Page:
For a lot of us, spending a summer in Hawaii sounds like a dream come true, but not for siblings Pili and Ioane.
Pili and Ioane grew up in Brooklyn, New York, and enjoy the chaotic, city life. When their grandfather, who lives in Hawaii, has a heart attack, their mother rushes them to Hawaii to be with him. This unexpected summer trip does not go over well with Pili and Ioane who had their own ideas on how to spend their summer.
Now, stuck on an island far away from friends, the two must find some way to entertain themselves. For Ioane, this consists of spending time on his phone and mocking his sister. For Pili, this means embarking on a treasure hunt with the clues she discovered in her grandfather’s journal. Ioana soon finds himself (unwillingly) involved on his sister’s “stupid” quest.
What promised to be a boring summer, soon turns into an adventure they will never forget, ultimately bring the family closer together.
Finding ‘Ohana has a distinct Journey to the Center of the Earth / Indiana Jones feel to it. The cast, particularly Kea Peahu (Pili), Alex Aiono (Ionae), Lindsay Watson (Hana), and Owen Vaccaro (Casper) do a stellar job carrying the movie. This family-friendly movie (Fun fact: there is only one make-out scene) can be enjoyed by children and adults alike.
What better way to spend a stormy Sunday than reading a good book?
I just finished reading The Thief, the first book in The Queen’s Thief series by Megan Whalen Turner. This Newbery Honor book was entertaining, and I didn’t want to put it down. (It wasn’t that rare breed of book you can’t put down; it was simply a good book you did not want to put down.) The book deserves more than three stars, but not quite four. Maybe a 3.7 or 3.8.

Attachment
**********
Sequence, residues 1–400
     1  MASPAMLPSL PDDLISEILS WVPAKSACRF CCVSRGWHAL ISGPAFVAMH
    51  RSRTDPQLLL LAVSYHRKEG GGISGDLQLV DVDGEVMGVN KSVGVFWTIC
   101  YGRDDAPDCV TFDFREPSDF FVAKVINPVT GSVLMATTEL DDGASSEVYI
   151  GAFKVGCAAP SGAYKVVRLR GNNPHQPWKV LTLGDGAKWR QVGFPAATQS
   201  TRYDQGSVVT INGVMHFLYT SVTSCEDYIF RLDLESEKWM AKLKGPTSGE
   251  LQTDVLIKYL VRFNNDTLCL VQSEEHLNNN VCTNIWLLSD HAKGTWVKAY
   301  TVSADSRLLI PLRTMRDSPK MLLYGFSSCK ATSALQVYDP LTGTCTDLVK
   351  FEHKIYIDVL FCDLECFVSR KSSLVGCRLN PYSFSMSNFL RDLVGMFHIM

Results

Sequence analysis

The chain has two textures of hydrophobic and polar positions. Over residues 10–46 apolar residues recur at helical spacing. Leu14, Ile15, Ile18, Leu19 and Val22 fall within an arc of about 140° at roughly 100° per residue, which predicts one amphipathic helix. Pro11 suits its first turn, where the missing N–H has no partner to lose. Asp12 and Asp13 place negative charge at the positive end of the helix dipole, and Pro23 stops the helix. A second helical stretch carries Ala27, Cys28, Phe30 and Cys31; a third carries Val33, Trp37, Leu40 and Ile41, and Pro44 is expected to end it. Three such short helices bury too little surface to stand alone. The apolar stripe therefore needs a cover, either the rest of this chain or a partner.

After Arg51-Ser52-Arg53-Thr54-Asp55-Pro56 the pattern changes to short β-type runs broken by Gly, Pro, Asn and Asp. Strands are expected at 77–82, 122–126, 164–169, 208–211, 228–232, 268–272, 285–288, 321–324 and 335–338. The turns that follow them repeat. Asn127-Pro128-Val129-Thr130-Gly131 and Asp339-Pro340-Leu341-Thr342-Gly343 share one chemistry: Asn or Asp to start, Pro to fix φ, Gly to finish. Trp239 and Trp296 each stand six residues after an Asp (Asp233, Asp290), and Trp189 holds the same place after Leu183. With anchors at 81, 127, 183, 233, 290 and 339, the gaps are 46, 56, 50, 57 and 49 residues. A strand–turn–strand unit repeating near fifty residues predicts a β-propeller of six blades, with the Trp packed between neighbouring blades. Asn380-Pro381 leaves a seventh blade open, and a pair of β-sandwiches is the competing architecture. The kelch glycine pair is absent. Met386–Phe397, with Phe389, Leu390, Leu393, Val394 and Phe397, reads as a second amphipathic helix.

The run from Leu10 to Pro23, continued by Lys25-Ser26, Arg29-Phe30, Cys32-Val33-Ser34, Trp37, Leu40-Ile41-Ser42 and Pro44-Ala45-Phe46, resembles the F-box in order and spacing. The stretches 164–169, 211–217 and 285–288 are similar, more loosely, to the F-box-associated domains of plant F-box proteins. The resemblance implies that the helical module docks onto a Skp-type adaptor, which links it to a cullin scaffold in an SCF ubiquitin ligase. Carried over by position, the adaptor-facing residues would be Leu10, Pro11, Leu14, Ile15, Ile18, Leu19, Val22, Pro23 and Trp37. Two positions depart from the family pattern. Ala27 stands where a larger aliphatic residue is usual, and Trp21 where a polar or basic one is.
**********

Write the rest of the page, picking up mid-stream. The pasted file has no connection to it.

The story begins with Eugenides, or Gen for short, locked in the king’s prison. Gen, a petty thief with a large ego, is provided an opportunity to accompany the king’s magus on a quest. An offer, given his limited resources and his desire for fame, he accepts. The quest begins sending Gen, the magus, and their companions on an adventure through neighboring kingdoms.
The book is heavy on description and the introspective thoughts of the main character, which I often skipped over. However, I found the characters intriguing enough to keep reading. I simply liked the characters and looked forward to seeing how their relationships developed.
I am placing this book on my list of books for all ages. (There are a few “goddam-its” and “damn’s” in there, but that’s it. ) While the story does not make it into my top-ten, it is good enough that I would recommend it to pre-teens and teens.
Fatemarked by David Estes is the first in The Fatemarked Epic series. It’s been a while since I’ve come across a book that I couldn’t put down, but Fatemarked had me hooked. I couldn’t and didn’t want to put it down.
The book is well written and the characters are multi-faceted. Each character has its strengths, and none are perfect. Even the characters you don’t like and want to hate have a human side to them that makes you empathize or at least recognize they weren’t always the monsters they were portrayed to be.
If you are looking for an enjoyable escape and you’ve got several hours to spare, check out Fatemarked. But be prepared, you won’t want to stop reading.
I would say this book is PG-15. There is a sex scene in it, but its no more than what you would see in a PG-13 movie, and you can skip over it. However, there is cruelty and violence in the book which is why I gave it the PG-15 rating. I would not want my young teen to read the book. The cruelty is by no means graphic, but it is enough that some people may be uncomfortable.